In recent years, housing prices have become steeper and steeper and getting on to the property ladder has become a distant dream for many. Due to these factors, young people have become more and more reliant on the bank of Mum and Dad. Prudent and careful investment planning when a child is young could help ease their future financial burdens.
Investing early and consistently offers the potential to turn relatively small sums of money into a life-changing amounts, thanks to the magic of compounding returns. The natural home for such an investment is a stocks and shares Junior ISA (JISA), as there is no capital gains or income tax charged on any returns made. The contribution limit is £4,128 a year, and each adult has £20,000 in ISA allowance each year. However, I must point out that the child would have full control of the funds when they turn eighteen.
As a child has an inherently long time horizon, investing most or all of the money in the stock market is likely to be the best option, including in higher-risk areas of the world. Based on long-term averages, I am assuming that this will result in an annualised return of 8% although returns in each individual year will vary.
If you invested £1,600 annually in a JISA for 18 years, that pot would be worth around £65,000. At eighteen, JISA’s convert to an adult account and if the money was kept invested until they turned twenty one, it would be worth £87,000. This is easily enough money to put down as a deposit on a first home.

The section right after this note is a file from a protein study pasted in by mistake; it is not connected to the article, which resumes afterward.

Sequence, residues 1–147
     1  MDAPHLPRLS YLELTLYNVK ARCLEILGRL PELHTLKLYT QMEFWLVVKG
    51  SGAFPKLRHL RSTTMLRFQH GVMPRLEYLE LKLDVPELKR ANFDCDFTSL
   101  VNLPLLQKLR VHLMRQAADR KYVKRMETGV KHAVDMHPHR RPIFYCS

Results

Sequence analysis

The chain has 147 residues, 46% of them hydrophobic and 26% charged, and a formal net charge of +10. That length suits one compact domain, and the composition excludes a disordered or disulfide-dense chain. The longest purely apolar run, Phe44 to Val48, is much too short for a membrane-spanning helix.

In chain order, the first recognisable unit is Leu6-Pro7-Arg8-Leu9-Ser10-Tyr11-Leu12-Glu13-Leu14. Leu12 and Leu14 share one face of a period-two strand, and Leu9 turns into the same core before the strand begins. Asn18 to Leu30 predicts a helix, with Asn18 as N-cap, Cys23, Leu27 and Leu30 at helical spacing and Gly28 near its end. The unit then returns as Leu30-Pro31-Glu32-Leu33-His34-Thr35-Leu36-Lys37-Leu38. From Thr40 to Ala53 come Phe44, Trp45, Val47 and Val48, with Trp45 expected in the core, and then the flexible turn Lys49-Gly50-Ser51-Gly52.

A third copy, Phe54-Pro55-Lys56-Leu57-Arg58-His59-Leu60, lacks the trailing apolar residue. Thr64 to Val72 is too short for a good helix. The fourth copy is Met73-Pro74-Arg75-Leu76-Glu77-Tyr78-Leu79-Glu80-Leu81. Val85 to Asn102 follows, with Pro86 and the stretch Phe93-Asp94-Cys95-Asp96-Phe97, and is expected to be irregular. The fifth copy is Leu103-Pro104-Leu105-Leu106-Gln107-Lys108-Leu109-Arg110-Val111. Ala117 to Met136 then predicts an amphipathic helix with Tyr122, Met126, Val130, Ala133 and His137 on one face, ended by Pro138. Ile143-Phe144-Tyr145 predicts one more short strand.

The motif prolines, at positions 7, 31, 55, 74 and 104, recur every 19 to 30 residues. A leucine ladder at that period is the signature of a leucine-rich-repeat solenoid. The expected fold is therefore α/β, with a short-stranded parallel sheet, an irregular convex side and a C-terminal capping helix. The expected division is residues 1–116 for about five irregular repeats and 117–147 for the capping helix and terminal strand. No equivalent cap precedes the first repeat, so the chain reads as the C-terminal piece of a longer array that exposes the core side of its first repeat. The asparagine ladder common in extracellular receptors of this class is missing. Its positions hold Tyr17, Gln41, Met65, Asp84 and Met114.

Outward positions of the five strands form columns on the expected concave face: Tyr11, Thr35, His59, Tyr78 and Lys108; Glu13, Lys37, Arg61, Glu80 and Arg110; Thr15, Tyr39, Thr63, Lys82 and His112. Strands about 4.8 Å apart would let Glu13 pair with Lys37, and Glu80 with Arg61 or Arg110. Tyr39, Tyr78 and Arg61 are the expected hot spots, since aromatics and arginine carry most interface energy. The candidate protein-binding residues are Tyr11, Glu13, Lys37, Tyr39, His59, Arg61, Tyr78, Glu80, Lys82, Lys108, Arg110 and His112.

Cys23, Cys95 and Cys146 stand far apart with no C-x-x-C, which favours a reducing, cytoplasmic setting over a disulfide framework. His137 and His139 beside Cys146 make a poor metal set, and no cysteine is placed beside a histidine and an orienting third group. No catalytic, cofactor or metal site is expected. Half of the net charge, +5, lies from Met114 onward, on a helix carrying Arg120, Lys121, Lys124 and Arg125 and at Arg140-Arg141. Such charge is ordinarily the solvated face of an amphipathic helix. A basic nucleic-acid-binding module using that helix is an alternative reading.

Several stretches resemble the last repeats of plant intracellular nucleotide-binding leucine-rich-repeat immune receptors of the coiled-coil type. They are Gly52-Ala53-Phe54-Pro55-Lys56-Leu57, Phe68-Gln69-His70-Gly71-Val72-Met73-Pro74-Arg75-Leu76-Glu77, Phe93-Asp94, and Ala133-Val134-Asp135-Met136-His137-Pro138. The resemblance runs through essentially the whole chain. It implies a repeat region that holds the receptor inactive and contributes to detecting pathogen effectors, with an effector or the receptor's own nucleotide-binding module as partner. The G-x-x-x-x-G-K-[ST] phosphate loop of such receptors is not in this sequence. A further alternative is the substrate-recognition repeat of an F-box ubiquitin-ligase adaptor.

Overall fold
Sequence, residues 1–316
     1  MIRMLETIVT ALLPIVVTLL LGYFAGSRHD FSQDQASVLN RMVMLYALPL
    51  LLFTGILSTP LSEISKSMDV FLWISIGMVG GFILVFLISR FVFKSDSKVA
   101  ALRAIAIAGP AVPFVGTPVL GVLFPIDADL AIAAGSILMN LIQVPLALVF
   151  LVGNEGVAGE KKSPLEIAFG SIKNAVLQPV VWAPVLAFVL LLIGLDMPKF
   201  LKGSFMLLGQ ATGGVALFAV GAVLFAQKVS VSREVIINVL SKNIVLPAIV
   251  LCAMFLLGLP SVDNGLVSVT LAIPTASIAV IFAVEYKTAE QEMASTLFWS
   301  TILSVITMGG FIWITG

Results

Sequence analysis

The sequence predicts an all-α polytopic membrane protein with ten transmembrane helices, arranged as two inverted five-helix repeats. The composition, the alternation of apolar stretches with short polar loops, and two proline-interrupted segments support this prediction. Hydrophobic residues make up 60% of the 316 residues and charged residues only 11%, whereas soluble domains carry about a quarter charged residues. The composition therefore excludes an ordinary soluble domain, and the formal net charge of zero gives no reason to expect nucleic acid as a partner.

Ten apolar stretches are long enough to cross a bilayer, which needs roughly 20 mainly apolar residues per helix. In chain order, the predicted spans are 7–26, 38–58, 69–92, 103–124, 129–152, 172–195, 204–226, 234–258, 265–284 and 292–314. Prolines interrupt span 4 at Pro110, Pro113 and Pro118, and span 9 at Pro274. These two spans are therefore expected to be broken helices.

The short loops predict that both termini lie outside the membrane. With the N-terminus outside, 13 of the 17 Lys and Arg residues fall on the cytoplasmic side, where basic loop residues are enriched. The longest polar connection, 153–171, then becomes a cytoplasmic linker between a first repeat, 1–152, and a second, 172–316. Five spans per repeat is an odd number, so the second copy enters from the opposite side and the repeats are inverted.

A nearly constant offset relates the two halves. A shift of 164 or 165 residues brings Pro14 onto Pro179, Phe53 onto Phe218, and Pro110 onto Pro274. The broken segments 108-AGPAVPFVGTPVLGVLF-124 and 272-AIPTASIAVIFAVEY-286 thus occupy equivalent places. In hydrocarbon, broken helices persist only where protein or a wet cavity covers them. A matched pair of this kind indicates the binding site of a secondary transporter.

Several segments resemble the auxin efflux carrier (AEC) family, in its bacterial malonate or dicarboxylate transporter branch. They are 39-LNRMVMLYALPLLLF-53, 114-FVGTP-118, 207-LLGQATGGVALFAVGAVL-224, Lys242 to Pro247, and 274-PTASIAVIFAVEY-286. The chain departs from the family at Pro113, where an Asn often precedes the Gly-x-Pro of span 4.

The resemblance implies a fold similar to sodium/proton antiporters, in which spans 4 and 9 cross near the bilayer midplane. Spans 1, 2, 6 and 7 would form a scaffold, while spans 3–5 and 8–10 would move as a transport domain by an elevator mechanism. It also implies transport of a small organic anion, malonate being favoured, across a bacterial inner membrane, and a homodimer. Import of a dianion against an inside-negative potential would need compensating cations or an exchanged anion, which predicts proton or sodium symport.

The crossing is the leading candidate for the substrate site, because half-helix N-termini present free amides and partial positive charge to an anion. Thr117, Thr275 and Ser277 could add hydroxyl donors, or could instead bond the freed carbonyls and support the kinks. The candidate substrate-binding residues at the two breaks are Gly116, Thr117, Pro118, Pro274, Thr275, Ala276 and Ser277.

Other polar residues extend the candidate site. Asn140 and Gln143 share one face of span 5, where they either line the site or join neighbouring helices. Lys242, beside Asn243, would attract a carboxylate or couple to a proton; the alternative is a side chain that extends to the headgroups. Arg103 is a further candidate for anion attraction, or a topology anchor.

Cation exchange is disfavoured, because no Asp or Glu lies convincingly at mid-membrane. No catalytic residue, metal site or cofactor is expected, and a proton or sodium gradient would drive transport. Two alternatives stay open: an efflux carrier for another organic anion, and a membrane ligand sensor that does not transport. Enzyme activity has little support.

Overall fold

If you are already a knowledgeable investor, you may be comfortable picking a range of funds to make up a diversified growth portfolio. But for parents who aren’t sophisticated investors, or not willing to dedicating time to managing the money, I recommend the use of a managed multi-asset fund or a basic global tracker fund. This will ensure the money is invested into a mixture of assets, and the risk is managed by an investment manager.
A multi-asset fund is an all-in-one portfolio that offers broad diversification across global markets and asset types. Different multi-asset funds offer differing levels of risk. A riskier fund might have greater exposure to shares in volatile emerging markets, for instance.
Once a use for the money is set, it is sensible to reduce risk as the point at which it will be needed approaches. The aim of using the JISA would be for the child to begin adulthood with the equivalent of 12 months of income in cash, to prevent them needing to sell investments when markets are unfavourable. Therefore, I recommend from age 16 to 17 I would look at moving the money into cash.
There are other ways to save for children such as trust funds or gifts out of normal income, but the key is to start early and regularly and let compounding do the hard work!
If you have any queries regarding JISA’s or regarding your own investment portfolio’s, please contact Ben Dyson on 0161 926 9350.